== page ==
2. What an awesome post! Ok, I'm going to try to do a top 10.

    1. Miss Ollie. She was my daughter's bus driver last year. Every. Single. Day. She drove up with the biggest smile you've ever seen. I loved her, but more importantly, the kids on that bus loved her and felt loved by her. Her daughter got sick and she had to quit at the end of the year to care for her.

    2. Mrs. R, now, I missed her but we have her again. :) She was Tori's Kindergarten teacher. Tori had social anxiety and didn't speak to anyone until Thanksgiving that year. Mrs. R. was amazing. Tears. My baby girl was healed of her social anxiety in Mrs. R's class and now she's a social butterfly! She is in 3rd grade this year and has Mrs. R again. <3

    3. Having a community. I am a square peg in a round hole where we live and have been since we moved here. I miss being around people that KNOW me and love me.

    4. The ocean. It is my happy place. It is impossible for me to stand on the shoreline and look out and not realize how small I make God in my every day life. Looking at the ocean reminds me how awesome He is.

    5. Cousins. Growing up my cousins were my best friends. Ha! Here's an interesting tidbit that will shock some people. I am a Gypsy (please don't believe everything you read or see on reality tv) and we were incredibly clannish. Now we have all scattered and my kids don't even know their cousins.

    6. Horses. My family was filled with horse trainers and horse traders and we always had horses. I miss the feel of all of that power beneath me. The freedom of racing them across plowed fields. The smell of tack room; the combination of leather, oats, and hay. Bliss.

    7. A good hair stylist. I have not found one here that does what I want them to do.

    8. Friday Night Football. I love football. :) However, I don't have a son playing anymore and it's just not the same. Plus, my daughter is not enamored with it so we haven't been to a game in a couple of years. I miss the chill in the air, the sound of the band, the game, the town spirit.

    9. Chicago. I went to college not far from there and going into the city was always the best. Hot dogs, the best deep dish pizza ever! Michigan Ave. The heartbeat.

    10. Floating the river. We love to spend time at the river in the summer. It's like from the moment we get there reality is locked away and we are sucked into a vacuum of peace and serenity. The drought has taken a toll on the river though and it hasn't been deep enough to enjoy since the beginning of the summer.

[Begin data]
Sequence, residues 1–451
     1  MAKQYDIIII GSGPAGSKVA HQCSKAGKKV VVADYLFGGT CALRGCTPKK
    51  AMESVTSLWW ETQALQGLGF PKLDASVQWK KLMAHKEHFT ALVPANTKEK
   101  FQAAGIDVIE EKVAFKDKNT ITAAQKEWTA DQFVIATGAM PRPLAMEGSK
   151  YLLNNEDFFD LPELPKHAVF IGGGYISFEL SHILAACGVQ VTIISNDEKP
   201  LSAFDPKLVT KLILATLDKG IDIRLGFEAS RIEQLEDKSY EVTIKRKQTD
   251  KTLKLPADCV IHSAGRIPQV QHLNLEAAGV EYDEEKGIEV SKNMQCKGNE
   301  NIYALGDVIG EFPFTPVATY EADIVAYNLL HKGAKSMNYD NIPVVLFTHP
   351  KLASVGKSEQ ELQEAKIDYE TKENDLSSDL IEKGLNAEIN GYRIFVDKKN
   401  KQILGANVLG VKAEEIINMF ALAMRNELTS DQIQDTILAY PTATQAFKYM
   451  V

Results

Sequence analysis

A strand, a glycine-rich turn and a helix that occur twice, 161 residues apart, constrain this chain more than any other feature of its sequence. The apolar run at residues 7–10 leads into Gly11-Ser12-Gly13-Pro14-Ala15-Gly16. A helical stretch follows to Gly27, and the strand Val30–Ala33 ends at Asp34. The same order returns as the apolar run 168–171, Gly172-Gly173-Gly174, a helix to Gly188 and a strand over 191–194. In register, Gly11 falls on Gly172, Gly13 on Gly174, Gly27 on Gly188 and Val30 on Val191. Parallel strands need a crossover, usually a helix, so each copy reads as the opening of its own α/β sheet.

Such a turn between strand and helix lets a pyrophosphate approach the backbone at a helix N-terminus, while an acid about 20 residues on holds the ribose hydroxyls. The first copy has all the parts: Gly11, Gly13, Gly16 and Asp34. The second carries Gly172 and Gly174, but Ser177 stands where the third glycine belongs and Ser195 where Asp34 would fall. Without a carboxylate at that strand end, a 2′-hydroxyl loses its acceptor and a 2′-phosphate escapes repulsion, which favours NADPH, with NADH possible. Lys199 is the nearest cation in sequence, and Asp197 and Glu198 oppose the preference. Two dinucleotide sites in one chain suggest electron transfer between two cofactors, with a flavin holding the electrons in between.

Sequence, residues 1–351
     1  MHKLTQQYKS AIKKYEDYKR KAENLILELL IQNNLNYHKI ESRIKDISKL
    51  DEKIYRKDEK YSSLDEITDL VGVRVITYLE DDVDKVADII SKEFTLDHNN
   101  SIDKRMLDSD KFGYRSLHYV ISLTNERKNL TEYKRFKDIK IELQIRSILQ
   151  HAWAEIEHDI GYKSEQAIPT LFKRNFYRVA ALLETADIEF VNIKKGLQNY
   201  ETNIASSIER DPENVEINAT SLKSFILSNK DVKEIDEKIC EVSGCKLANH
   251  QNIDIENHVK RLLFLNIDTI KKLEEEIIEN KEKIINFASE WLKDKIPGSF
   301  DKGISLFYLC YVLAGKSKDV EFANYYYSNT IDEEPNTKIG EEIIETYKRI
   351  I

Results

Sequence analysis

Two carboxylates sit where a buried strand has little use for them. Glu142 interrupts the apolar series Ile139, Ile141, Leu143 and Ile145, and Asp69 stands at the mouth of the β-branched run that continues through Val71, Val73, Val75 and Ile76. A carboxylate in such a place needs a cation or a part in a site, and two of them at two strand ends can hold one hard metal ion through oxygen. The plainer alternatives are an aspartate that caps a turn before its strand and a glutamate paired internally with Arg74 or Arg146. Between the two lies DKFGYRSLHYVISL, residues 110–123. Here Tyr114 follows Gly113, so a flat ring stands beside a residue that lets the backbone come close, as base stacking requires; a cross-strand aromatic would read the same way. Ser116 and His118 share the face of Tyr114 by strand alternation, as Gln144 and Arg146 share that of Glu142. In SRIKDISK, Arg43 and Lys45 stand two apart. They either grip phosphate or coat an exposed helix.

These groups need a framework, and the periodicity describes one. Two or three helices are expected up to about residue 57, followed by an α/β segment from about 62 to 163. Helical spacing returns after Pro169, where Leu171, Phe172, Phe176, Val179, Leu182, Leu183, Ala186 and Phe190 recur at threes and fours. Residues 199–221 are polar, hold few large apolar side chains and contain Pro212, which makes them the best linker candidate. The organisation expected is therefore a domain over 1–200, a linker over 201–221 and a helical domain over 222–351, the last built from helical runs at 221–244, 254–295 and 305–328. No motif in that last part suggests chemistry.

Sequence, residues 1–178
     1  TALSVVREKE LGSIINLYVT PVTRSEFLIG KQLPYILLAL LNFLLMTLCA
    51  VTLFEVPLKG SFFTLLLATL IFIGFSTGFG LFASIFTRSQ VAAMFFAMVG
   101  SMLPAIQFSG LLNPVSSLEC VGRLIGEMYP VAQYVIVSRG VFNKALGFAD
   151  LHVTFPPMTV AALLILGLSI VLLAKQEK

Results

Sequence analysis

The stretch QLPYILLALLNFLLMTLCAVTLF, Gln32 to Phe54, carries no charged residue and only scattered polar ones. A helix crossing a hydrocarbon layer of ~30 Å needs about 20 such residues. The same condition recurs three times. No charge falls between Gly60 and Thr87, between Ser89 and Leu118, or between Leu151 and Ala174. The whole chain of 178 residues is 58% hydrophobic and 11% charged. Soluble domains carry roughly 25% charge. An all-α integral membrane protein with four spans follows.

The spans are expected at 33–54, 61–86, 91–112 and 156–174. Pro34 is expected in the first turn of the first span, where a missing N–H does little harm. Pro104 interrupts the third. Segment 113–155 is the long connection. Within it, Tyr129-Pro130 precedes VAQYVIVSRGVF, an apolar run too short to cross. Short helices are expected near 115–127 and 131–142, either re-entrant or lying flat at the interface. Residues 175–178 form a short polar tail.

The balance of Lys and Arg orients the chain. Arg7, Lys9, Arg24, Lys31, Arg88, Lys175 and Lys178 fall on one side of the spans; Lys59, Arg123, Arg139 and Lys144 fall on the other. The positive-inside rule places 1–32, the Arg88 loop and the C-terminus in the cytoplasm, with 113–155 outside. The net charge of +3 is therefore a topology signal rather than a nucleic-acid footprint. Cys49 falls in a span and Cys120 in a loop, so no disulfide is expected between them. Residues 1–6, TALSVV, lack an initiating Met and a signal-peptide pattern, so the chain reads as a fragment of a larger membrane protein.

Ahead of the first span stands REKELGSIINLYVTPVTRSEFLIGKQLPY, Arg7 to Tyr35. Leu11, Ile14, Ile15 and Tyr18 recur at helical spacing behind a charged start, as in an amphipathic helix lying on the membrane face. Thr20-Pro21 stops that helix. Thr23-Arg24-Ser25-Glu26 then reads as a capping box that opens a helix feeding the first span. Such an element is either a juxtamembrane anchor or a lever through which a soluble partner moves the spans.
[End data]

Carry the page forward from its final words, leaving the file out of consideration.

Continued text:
1. love, love, love every drop of this top ten. Yes to great teachers and awesome bus drivers, Yes to communities that feel organic and the ocean that is always organic. Thumbs up to cousins and also to good hair stylists. Like horses but they scare me. Football on Fridays--Yes! Food in Chi-town, OH YES especially the popcorn from Garrett's. And the river sounds amazing.

      Yes, Yes, and Yes.

    2. :) Never had the popcorn from Garrett's! My husband and kiddos want to go to Chicago next summer, so maybe we can try it. First on the list is Giordano's pizza!! Truth be told, I was afraid of horses for a long time, but somewhere along the line, I fell in love. This was a wonderful trip down memory lane, thank you.

    3. Giordano's!!! Gaaaahhh!! Yum, yum,yum!

  3. It is so GOOD to stop and count the blessings and to mourn the loss when one is gone.
    Damn, girl. Another beautiful, heartfelt post.

    1. Thank you, Sister Moon. And loved that picture of you and Gibson. So sweet.

  4. Thank you for the post--we are on the same page but your page is more eloquent than mine! We will just need to be intentional about our friendship. And I do need to take you running. I would also love for you to come to the Shelter some night to really see what we do. Please tell the BHE that my very enthusiastic wave in carpool has shown new signs of life because part of it is for you.
    And, for the record, Ms. Reed has changed my life too. It's what she does...
    Love, Coach B

    1. You prompted me to think of this post when you left that comment last week. And yes, I will have to come to the shelter one night to see what you and Ms. Reed really do. Love the enthusiastic wave and gulp, at some point, you must take me running.

      And yes, it is what Ms.Reed does. I like that plan of being more intentional about our friendship--yes. Love to you and yours.

  5. Yes, all of this, yes! How I miss my team (the parents) from Bob's last pre-school. Seeing them twice a day, at drop-off and pick-up, was priceless.

  6. Oh, I love this post! You've described perfectly those little shifts in a life that can sort of, kind of, but not really knock us off our feet, at the most and definitely make us melancholy in the missing at the least! I was especially misty-eyed at the one about your father and your boys. My children have an exceptional relationship with my parents, and it just kills me when they part -- so, so sad.

    1. Yeah. . .I hate that sound in my daddy's voice when they come back. It's so subtle, you know? Isaiah always picks up on it saying, "Papa? Are you sad that we're gone?"


"Tell me something good. . . tell me that you like it, yeah." ~ Chaka Khan